The president of the NSW Teachers Federation, Bob Lipscombe, cautioned teachers to take care about who they became ''friends'' with on Facebook to ensure their professionalism was not compromised. He reminded teachers that any information they posted would be imprinted in the public domain.
The Department of Education has developed a social media policy in consultation with school principals and teacher groups. The policy, which is available on the department's website, has been distributed to all public schools. The guidelines advise teachers to be honest, polite and considerate and to use common sense.
"The Digital Divide" has vexed and worried researchers for at least a decade, raising concerns that entire groups of Americans might be left behind, unable to afford the gadgets of the 21st Century.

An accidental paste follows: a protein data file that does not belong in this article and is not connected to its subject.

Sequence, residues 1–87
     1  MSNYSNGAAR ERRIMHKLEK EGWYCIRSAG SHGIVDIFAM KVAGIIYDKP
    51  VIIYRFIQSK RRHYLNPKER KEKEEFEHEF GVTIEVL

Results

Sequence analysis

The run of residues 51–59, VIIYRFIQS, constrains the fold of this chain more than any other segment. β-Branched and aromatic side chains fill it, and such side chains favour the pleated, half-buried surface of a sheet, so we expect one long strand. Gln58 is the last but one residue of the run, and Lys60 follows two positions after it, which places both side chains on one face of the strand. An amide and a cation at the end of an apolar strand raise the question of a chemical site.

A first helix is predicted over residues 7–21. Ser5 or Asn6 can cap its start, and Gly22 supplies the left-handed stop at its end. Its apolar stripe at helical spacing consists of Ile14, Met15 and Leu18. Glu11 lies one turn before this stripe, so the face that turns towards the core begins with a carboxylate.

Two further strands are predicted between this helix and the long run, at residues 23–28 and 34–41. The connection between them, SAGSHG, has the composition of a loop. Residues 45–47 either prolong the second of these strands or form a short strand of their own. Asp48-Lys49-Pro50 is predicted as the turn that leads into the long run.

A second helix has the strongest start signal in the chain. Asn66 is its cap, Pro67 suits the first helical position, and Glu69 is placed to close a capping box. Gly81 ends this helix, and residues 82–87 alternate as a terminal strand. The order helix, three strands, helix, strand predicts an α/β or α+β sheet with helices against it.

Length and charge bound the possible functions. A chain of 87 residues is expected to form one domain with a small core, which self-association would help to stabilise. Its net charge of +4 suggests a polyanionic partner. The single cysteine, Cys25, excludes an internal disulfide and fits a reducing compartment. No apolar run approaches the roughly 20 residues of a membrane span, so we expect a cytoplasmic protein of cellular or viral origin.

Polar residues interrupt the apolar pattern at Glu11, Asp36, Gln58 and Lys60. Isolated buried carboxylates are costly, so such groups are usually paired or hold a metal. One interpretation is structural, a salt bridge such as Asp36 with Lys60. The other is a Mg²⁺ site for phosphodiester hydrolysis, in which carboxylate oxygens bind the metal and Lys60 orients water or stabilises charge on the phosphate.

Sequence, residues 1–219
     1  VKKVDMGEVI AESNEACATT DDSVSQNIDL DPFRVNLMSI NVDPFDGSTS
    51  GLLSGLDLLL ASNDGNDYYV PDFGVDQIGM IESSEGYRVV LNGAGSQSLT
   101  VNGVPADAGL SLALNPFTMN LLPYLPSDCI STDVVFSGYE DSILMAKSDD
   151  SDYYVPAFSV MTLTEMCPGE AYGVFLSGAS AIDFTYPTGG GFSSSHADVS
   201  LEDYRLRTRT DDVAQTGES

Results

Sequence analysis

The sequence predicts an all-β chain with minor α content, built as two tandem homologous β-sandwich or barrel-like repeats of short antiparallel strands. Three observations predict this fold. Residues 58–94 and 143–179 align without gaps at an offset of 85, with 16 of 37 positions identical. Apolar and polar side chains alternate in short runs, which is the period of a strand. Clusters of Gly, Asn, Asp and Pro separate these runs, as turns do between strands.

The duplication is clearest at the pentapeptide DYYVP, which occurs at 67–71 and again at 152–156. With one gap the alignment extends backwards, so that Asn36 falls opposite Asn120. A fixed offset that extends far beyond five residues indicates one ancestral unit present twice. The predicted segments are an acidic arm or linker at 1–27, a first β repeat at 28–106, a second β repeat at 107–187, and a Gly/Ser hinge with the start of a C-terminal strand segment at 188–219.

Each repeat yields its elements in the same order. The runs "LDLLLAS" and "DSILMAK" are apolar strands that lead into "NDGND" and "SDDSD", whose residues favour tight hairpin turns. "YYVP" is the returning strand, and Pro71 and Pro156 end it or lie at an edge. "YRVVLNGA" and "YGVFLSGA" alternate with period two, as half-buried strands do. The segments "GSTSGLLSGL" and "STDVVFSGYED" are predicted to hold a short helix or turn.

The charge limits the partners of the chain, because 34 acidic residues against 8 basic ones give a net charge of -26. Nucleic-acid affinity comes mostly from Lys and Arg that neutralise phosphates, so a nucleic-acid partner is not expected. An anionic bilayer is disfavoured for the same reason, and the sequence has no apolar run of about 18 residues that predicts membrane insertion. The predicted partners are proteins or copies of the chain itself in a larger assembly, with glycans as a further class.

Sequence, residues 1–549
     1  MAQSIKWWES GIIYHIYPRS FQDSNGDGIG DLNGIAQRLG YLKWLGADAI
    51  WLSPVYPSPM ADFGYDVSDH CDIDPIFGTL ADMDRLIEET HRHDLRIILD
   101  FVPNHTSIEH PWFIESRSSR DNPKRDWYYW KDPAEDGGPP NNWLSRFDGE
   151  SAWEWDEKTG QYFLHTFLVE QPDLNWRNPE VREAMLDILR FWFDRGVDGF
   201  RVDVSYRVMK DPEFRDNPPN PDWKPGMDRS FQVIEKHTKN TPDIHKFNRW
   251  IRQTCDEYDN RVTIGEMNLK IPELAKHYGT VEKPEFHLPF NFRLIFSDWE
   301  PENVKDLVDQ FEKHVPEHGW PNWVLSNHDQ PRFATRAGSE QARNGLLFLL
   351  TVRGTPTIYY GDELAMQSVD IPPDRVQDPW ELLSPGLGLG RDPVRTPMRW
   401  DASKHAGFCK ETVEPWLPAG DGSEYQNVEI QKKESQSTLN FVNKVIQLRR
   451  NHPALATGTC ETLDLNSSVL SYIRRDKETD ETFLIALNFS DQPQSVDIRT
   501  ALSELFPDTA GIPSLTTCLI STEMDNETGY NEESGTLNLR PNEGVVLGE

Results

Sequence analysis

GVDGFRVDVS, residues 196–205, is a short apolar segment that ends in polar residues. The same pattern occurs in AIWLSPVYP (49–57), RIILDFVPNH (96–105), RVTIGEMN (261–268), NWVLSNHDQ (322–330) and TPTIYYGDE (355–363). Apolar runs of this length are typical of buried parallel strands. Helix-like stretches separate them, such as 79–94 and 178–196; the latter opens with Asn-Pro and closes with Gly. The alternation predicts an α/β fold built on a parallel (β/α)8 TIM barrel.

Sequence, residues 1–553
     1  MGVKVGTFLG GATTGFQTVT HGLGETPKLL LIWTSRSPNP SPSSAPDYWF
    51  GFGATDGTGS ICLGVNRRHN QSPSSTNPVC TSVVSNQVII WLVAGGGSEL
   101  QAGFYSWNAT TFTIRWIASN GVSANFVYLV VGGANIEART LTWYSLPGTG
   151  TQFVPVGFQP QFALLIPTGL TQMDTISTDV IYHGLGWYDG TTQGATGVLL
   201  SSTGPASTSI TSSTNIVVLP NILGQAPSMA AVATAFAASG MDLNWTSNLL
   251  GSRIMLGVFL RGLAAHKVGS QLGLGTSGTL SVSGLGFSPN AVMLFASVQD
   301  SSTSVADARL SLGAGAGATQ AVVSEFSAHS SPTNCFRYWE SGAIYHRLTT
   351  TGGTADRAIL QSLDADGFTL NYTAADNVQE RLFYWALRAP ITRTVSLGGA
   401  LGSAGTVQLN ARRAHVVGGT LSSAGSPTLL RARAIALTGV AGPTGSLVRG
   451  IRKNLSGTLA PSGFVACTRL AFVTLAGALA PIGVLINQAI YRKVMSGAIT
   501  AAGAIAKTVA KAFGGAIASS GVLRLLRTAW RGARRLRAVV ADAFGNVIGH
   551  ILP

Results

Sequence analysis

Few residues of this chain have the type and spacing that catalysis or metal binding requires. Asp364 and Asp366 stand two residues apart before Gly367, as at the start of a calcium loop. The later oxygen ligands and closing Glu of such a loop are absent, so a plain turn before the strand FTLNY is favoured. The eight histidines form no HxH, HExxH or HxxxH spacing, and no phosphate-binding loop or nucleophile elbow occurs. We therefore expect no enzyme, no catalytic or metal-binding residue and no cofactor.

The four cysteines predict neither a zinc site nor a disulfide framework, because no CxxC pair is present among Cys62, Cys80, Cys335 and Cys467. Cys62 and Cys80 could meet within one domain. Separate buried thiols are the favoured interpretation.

Perhaps it’s the social network divide they should worry about instead.
There is plenty of empirical evidence that those who choose to avoid Facebook, MySpace, and Twitter suffer social consequences: Ask anyone who missed a party -- or for that matter, a wedding -- that was organized on Facebook.
New evidence from a survey conducted exclusively for msnbc.com suggests that divide is becoming a pitched battle, with simmering frustrations between pro- and anti-social network crowds over an issue that is central to the digital age and the future of social networks: Privacy.
The survey suggests that Americans' opinions on privacy are polarizing towards two extremes -- it's become either much more important or much less important -- and the fault line is social media participation. It was conducted by The Ponemon Institute as part of msnbc.com’s recent four-part privacy series.